Tom Petty, repressed memories and occasionally cow turds
By NICK TAVARES
STATIC and FEEDBACK Editor
In my latest stadium experiment, I got tickets to see Tom Petty and the Heartbreakers at Fenway Park this week. Petty is a legend and Fenway is intimate enough to not necessarily feel like an overwhelming stadium show. Add in the fact that I haven’t seen Petty play live in more than six years and it all felt like a layup. This has to happen.
The last time I saw Petty was actually at Super Bowl XLII in Glendale, Ariz., which I was covering. Before the New England Patriots saw their undefeated season collapse against the helmet of New York Giants’ wide receiver David Tyree, Petty and the Heartbreakers played halftime that year in a surprisingly stripped-down performance. Beyond the fancy stage built to look like their heart-and-flying-V-guitar logo, the band didn’t do anything else but what they always do — play rock and roll and play it well. As they finished off “Runnin’ Down a Dream,” Petty smiled and waved, and it was back to writing and shaping stories for deadline that I’d ultimately have to delete anyway.
Getting the Fenway tickets led me to revisit The Live Anthology, his four-CD chronicle of the Heartbreakers’ surprisingly under-appreciated abilities as a live unit. Like one of his shows, it moves flawlessly from hits to deep cuts to covers, with the audience able and willing to sing along with every note. The crowd is especially vocal on “Learning to Fly” from the second disc, and as I was listening again, it felt strangely familiar.
And then I realized that I had been in the crowd for that one, kind of. That version of “Learning to Fly” came from the 2006 edition of the Bonnaroo festival, a fact confirmed by a deep look at the set’s liner notes. I’ve listened to it multiple times, but clearly never with the focus that led me to recall the warmth that song brought on a tense night.
Without going too deeply into specifics to spare myself and others, Bonnaroo was a nightmare almost immediately. Four of us were jammed into a car for two days and drifting into the third on the drive down to Tennessee and everything that could possibly annoy us was doing just that. When we got there the reality of the situation was pretty blunt: this was a farm full of cow shit and we would just have to pitch our tent on top of it and deal with the smell. One of the people in our car had a sinus infection he’d done nothing about and was quickly on the hunt for the wrong kind of medication. This takes place in Tennessee in the summer, obviously, so the heat and humidity were already intense and shade was scarce. And the car was also blocked in on all sides, so we were stuck here.
The festival itself is not really set up for intensive listening; if there are 120,000 people there, then 30,000 crammed near one of the smaller stages to see Buddy Guy or Ben Folds will still feel like its own massive concert. And there was also enough fighting going on that I was feeling pretty uncomfortable, so when certain parties justifiably stormed off before Petty’s headlining set that first night, I was obliged to follow.
But our camp site was situated on top of a hill that, ultimately, looked down over the entire main stage and an area built to handle most of the crowd. As soon as we got back, Petty and the Heartbreakers walked out and jumped into “Listen to Her Heart,” and my mood began to pick up immediately. I sat and stood in the space in front of the tent facing the stage for the rest of the night, watching on the big screens and listening with surprising clarity as Petty worked his magic on the masses.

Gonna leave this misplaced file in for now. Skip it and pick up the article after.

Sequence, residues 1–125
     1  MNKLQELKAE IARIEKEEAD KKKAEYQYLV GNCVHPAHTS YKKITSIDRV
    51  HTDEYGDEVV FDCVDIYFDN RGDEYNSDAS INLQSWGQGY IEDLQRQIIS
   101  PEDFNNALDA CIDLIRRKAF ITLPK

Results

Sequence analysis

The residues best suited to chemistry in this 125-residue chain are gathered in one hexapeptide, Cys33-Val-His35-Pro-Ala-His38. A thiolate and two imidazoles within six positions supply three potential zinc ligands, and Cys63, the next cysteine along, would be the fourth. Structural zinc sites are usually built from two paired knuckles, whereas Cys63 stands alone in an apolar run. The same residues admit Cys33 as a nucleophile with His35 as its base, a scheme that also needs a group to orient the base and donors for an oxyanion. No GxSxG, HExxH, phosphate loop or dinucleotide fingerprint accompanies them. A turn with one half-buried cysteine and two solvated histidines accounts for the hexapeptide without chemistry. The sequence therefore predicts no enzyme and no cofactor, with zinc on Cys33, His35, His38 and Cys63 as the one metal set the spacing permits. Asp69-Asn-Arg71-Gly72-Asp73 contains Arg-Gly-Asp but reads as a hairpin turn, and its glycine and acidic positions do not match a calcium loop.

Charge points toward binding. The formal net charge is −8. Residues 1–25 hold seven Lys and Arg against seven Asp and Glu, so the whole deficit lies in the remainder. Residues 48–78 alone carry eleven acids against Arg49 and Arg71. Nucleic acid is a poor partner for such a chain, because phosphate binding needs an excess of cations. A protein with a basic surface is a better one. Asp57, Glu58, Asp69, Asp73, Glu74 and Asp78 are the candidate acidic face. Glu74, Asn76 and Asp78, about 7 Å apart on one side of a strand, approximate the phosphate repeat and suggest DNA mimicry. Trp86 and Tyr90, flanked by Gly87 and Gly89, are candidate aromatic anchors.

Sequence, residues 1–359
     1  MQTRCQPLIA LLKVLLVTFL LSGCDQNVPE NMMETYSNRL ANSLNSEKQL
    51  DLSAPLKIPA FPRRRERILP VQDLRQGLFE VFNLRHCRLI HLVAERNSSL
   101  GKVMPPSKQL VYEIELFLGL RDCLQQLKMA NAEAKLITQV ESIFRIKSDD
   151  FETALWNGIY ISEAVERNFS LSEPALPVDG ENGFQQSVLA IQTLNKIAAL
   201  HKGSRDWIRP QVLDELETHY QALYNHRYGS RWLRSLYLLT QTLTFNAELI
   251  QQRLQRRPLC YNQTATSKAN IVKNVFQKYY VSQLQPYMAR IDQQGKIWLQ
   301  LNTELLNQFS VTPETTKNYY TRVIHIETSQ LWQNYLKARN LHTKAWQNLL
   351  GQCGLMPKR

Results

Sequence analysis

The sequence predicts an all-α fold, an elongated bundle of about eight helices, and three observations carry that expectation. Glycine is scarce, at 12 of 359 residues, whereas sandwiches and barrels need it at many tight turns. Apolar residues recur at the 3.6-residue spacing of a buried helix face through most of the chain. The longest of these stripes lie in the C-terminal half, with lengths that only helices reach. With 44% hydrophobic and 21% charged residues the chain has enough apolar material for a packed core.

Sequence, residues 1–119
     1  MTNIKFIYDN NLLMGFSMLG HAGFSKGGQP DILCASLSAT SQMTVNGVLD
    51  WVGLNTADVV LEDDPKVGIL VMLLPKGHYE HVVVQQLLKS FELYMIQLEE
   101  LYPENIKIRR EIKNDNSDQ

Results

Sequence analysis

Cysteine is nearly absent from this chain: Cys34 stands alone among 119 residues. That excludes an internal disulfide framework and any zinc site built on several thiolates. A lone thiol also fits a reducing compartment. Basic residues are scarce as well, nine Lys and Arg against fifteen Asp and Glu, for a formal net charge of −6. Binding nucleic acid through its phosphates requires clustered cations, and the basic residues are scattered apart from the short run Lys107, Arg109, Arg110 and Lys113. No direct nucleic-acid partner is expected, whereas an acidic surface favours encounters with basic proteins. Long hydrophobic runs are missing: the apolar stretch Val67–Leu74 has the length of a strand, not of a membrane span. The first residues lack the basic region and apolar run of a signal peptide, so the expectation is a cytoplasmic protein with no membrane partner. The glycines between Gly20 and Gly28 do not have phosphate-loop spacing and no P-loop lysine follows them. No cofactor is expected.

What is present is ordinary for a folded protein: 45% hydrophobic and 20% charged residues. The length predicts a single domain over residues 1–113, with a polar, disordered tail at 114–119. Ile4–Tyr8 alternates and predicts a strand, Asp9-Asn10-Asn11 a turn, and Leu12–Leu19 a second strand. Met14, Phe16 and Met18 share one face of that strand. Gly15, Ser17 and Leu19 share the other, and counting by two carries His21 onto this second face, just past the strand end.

In particular, “Learning to Fly” felt special. Petty stripped the arrangement down to little beyond his acoustic guitar, some sparse fills from the band and a few backing vocal flourishes by Stevie Nicks. The crowded immediately began clapping and singing in unison, and from the top of the hill it almost felt like the ones who were mostly sober and not on some ridiculous freak-out were swaying together in unison. Importantly, it was calming and gave order to the non-stop parade of chaos that had been the entire experience to that point. Petty’s set was the first real payoff of the entire Bonnaroo experience, from my apartment to that farm.
In compiling The Live Anthology, Petty discussed the phenomenon of all these memories flooding back to him as he listened to all the recordings, some relatively recent and some 30 years old.
“But if I always knew that there’s a special connection between music and memory, I guess I wasn’t fully prepared for how much of the past came back to me as I listened to the songs included here. When we started to play tracks for other people, I was really happy to see that the music kicked off their memories, just as it did mine. It reminded me that there are a lot of fellow travelers out there, scores of people who have been a part of this adventure over the years.”
For me, the memory was vivid enough that, on this pass through the set, it hit me that I had actually witnessed that version live. From there, Bonnaroo got better; the fighting slowed, we got better at figuring out who to see and how to beat the heat and accumulated enough solid musical memories on the last two days, from Radiohead, Sonic Youth, Beck, Gomez, Stephen Malkmus and Be Your Own Pet, among others. Lives change, people move on and these things kind of get buried underneath the rest of the clutter in the confusing desk drawers that our brains become.
Elton John, Kanye West and Jack White will headline Bonnaroo next week; I’m probably never going back. But I will be at Fenway Park in a couple of months, and beyond the initial excitement I already had, a happy memory was uncovered by a stunning song that was hiding with 40,000 other mp3 files in a library. And this summer, with any luck, there will be more, heavy on the music and free of most of the chaos and cow shit.
June 4, 2014
Email Nick Tavares at email@example.com